Whatever role it is we are playing in our daily life, it never hurts to pause and take a look back to see what came before us and ask what it was like to have been a fisherman or a boatbuilder, say, 60, 90, 171 years ago.

That’s what National Fisherman's Maine's last working pinky is anchored in Belfast Harbor. Penobscot Marine Museum photoBoats & Gear section has done the past few years in the Yearbook issue. It’s nothing too extensive, just a quick glance astern at the country’s commercial fishing heritage as shown in three boatyards and some boats that have long disappeared.

This year’s issue includes Herbert and Emory Rice, a couple of boatbuilding brothers from the Chesapeake, who started building purse and striker boats in the 1930s.

Out on the West Coast there was William Colberg, who had his first boatyard in 1918. Colberg built a lot of boats other than fishing boats, but at least one fishing boat is still working today, the 37-foot crabber Aimee June.

Then there’s William “Pappy” Frost, the transplanted Canadian who settled in Jonesport, Maine, in 1912 and is credited with building the first modern Maine lobster boat. Oh, and when prohibition rolled around, Frost showed he wasn’t slow to take advantage of a situation, building boats both for the rumrunners and the Coast Guard, which was chasing the rumrunners.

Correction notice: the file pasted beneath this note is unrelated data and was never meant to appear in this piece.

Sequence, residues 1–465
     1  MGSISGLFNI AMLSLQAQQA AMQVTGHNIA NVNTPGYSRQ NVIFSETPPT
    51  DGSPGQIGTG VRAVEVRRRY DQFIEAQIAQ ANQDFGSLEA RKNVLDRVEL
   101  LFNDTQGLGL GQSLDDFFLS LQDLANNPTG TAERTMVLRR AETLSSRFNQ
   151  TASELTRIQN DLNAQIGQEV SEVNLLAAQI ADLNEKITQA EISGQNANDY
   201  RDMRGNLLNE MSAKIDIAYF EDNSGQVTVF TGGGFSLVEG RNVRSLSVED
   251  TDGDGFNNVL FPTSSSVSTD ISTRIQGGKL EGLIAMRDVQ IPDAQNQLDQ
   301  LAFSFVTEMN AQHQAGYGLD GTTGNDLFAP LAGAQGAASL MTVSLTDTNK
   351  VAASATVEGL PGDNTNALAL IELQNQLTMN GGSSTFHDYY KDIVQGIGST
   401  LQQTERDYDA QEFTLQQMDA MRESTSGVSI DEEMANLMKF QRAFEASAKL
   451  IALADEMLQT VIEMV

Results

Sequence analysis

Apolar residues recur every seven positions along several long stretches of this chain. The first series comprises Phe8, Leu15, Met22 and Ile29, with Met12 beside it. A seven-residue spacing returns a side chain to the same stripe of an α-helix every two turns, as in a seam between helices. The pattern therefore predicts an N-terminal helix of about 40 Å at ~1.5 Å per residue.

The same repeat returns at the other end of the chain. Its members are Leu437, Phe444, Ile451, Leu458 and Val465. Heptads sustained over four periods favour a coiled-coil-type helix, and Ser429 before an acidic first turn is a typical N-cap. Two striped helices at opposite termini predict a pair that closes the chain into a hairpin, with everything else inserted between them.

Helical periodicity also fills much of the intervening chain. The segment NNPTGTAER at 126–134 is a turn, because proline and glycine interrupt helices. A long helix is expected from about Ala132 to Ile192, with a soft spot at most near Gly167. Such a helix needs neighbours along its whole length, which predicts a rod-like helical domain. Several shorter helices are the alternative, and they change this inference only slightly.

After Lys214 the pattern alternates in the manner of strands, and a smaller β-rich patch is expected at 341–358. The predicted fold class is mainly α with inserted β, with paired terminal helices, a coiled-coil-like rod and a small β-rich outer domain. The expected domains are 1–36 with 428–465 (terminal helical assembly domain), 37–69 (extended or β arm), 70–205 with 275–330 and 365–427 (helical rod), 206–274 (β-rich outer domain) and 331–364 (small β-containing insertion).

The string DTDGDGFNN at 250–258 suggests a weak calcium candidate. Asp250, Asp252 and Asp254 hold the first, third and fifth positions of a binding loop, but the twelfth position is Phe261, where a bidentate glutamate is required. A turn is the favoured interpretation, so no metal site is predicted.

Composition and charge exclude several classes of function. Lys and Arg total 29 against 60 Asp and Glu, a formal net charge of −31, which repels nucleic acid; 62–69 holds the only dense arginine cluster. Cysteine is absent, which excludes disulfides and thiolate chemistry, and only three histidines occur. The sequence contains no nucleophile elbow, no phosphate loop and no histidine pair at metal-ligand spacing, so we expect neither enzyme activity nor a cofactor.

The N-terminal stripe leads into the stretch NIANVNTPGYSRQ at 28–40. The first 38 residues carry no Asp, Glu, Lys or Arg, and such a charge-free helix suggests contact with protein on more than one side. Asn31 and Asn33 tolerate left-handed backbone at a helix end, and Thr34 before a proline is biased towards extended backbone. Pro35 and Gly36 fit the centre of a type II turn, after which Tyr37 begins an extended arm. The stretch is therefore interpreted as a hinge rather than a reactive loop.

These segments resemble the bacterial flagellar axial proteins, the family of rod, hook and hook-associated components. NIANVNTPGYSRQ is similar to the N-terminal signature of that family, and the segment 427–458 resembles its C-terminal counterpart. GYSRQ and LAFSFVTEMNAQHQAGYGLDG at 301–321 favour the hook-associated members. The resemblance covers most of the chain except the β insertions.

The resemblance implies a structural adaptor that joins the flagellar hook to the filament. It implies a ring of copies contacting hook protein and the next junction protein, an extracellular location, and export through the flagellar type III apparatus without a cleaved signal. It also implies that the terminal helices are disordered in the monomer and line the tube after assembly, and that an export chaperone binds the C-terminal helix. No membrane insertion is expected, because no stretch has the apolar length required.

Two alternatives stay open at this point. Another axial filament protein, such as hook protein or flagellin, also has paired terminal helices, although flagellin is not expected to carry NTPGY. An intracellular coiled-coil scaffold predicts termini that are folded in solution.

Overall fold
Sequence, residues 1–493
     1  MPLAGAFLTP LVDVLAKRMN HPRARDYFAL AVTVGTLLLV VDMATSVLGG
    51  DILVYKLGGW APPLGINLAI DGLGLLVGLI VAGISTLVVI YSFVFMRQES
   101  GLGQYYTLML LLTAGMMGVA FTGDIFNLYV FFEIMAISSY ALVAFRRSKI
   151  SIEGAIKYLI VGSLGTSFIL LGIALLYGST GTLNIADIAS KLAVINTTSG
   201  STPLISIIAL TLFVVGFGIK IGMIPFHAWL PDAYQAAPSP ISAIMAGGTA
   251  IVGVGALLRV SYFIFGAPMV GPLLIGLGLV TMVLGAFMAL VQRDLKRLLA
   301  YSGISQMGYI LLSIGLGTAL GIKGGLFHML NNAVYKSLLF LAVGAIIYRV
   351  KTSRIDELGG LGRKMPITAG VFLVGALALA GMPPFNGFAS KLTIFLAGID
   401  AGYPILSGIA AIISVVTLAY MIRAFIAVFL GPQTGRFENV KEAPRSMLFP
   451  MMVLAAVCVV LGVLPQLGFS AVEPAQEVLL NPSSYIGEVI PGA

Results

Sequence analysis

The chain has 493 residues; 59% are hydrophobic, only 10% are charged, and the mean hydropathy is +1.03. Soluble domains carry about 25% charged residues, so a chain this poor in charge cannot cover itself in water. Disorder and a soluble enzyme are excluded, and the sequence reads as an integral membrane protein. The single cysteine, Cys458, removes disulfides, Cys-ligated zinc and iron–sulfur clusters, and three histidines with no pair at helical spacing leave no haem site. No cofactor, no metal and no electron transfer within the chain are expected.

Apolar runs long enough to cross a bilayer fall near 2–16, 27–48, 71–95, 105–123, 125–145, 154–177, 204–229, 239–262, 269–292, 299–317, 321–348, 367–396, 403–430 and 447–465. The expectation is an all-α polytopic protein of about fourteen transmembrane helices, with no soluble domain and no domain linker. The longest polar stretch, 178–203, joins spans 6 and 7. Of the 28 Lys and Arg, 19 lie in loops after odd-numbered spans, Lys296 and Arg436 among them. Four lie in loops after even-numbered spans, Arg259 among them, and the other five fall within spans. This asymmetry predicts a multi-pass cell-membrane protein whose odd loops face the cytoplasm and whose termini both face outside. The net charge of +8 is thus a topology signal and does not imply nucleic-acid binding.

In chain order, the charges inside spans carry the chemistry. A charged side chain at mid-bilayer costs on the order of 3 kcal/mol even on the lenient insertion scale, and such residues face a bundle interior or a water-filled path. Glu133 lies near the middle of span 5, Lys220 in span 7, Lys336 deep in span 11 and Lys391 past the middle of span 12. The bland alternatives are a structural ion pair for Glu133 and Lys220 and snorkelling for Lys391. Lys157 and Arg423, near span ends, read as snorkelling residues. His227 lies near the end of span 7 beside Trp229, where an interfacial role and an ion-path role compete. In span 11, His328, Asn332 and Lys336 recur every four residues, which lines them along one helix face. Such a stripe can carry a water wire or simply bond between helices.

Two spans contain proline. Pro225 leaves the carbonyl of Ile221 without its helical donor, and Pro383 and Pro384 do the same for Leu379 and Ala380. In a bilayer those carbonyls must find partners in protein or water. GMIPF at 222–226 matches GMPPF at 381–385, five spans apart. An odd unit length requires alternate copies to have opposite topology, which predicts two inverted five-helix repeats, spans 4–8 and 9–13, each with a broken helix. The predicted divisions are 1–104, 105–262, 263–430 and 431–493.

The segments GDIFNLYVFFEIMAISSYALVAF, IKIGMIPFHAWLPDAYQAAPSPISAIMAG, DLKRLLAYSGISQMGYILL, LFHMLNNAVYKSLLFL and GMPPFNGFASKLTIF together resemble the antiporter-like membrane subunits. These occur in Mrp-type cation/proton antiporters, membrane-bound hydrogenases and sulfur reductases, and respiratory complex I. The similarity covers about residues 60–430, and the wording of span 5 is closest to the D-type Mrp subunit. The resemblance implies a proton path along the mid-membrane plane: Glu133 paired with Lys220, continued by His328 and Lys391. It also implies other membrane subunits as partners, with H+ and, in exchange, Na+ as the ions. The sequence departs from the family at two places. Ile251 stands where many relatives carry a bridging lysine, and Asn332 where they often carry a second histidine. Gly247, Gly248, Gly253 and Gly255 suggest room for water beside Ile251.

The classic boat section has the story of some of Maine’s early sardine carriers. One of those is the Grayling, which was built in 1915 and looks far more like a yacht than a fishing boat.

In a section on schooners, the emphasis is on the pinky schooner, primarily the 46-foot pinky Maine. She was built in 1845 and fished until about 1926. When she was broken up, there were no more pinky schooners.

I suspect not that many people are familiar with the pinky schooner, but it’s here, so check it out.

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